There are a clutch of former Kolpak players who have become eligible to play for South Africa again. Not considering them because of how one perceived their career decision is juvenile, writes SA Cricket magazine editor RYAN VREDE.
On Wednesday, the Titans announced that Kyle Abbott, who signed a Kolpak deal with Hampshire in 2017, would play for them after agreeing a short-term deal.
Abbott’s return to domestic cricket, made possible by travel restrictions which have prevented him from returning to England from his home in Durban, raised questions about his international aspirations with the Proteas.
Brexit has forced the cancellation of all Kolpak registrations, but an increase in the number of overseas players permitted per team in the County Championship and the Royal London Cup means that several Kolpak players, including Abbott, have simply moved to overseas status.
This status comes with the added benefit of them becoming available for international selection again, something they were forced to sacrifice when signing Kolpak deals.
This was the main line of questioning when Abbott fronted the media on Thursday.
‘At the moment, [international cricket] is not in my immediate view. I had a very tough 2020 not playing cricket. I need to get back into the space where I was 18 or 15 months ago,’ Abbott said when asked about his international aspirations.
I’ve been dismayed by the widespread rejection of Abbott and his ilk, with many basing their criticism on a misguided sense of patriotism or, more specifically, their belief that players who sign Kolpak deals show a lack thereof.
Players securing their financial future through a Kolpak deal are not unpatriotic. They’re smart. Add to that the opportunity to experience a new culture, being geographically perfectly placed to travel to a myriad bucket-list destinations, all while playing the game you love and are highly skilled at – and you’ll understand the lure of a Kolpak deal, particularly for those nearing the end of their careers.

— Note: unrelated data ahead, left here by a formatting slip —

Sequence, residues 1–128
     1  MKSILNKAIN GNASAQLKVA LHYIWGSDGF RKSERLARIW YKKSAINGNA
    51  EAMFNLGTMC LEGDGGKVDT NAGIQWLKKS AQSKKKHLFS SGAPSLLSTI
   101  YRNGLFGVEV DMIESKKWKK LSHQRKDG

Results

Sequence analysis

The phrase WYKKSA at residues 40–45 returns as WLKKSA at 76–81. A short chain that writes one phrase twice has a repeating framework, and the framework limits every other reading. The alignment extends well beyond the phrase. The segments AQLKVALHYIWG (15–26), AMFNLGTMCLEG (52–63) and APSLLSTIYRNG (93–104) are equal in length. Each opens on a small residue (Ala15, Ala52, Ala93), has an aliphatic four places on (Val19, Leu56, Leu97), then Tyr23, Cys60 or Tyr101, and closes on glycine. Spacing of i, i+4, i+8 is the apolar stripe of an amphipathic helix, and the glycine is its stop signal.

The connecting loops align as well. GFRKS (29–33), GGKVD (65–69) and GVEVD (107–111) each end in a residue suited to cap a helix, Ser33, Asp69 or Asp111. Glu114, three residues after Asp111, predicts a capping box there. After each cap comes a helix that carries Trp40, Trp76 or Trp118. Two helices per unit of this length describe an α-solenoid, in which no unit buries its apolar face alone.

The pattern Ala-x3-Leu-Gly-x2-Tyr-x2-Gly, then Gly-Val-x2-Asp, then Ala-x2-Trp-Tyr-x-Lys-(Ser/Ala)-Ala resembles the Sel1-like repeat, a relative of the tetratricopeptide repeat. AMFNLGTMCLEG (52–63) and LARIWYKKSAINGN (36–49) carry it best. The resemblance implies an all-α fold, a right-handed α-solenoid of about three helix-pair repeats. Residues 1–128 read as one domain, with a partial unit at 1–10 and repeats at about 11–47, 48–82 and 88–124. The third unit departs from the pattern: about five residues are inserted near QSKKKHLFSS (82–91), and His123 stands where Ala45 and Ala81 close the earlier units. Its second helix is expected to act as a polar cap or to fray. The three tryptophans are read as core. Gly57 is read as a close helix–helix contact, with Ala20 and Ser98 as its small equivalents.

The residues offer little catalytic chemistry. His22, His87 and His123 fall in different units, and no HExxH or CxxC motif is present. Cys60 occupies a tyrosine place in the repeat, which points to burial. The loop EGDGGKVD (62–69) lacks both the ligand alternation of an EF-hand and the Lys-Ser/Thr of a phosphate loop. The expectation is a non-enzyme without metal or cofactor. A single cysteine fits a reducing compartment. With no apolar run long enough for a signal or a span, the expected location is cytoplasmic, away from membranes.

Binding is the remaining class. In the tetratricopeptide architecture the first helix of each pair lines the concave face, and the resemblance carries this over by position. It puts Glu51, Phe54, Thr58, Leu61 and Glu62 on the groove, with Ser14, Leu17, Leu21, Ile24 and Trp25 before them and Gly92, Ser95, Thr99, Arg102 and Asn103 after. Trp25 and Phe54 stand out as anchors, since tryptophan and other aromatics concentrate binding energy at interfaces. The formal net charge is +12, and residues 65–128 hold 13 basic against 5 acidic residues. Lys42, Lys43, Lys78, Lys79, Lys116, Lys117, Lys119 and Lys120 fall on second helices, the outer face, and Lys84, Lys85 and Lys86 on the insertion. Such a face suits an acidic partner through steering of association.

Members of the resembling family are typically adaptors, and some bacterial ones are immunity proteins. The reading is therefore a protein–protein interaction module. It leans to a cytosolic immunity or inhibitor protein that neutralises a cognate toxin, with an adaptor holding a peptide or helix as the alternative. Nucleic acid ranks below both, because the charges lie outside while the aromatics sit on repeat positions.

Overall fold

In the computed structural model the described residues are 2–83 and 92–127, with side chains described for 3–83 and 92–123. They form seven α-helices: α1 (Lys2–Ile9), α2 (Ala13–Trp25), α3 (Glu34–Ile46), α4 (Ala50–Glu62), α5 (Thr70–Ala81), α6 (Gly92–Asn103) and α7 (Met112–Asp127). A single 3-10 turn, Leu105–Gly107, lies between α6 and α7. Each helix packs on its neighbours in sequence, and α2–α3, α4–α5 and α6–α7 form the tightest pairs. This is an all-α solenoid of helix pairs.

South Africans who excel in their professions are recruited to foreign companies daily. They are not vilified for being unpatriotic. So why should cricketers?
Part of the answer lies in the emotive nature of sport, particularly the emotional investment many make in the national team. For these people, players carry their hopes of success and success is critical to their sense of self-worth and happiness. When highly skilled players like Abbott sign Kolpak deals, that success is less certain, and a decision that is made for purely professional and lifestyle reasons, is experienced as deep betrayal.
This is the most unsophisticated thinking on the issue, but it is prevalent, which is sad. I understand that many high-ranking people at Cricket South Africa still hold a grudge against Abbott for signing the Kolpak deal in 2017. So, too, towards Simon Harmer, Rilee Rossouw and Duane Olivier.
These players, and a clutch of others, have all now become available to the Proteas selectors. Not all of them have excelled in the manner Abbott and Harmer have, and thus not all are worth considering. However, Abbott has taken 182 wickets in three seasons in the Championship at an average of 18.62. Harmer has taken 212 wickets at 20.25 in three Championship seasons, two of which ended in Essex being crowned champions. It is self-evident that they are among the best South Africans playing cricket anywhere in the world.
Considering that the incumbents in the national team aren’t exponentially better – it would take a brave man to argue that Lutho Sipamla and Lungi Ngidi are better seamers than Abbott, while Keshav Maharaj is a dependable spinner but not a irreplaceable one – it is senseless to dismiss them in a Proteas context because of the way you feel about them deciding to leave years ago.
It is even more laughable that those with the power to call them up to the Proteas set-up would choose not to do so based on their lingering feeling of rejection. They have a mandate to give the Proteas the best chance of winning. Betraying that mandate based on an immature emotional response is simply juvenile and man children shouldn’t have the power to determine the Proteas’ fortunes.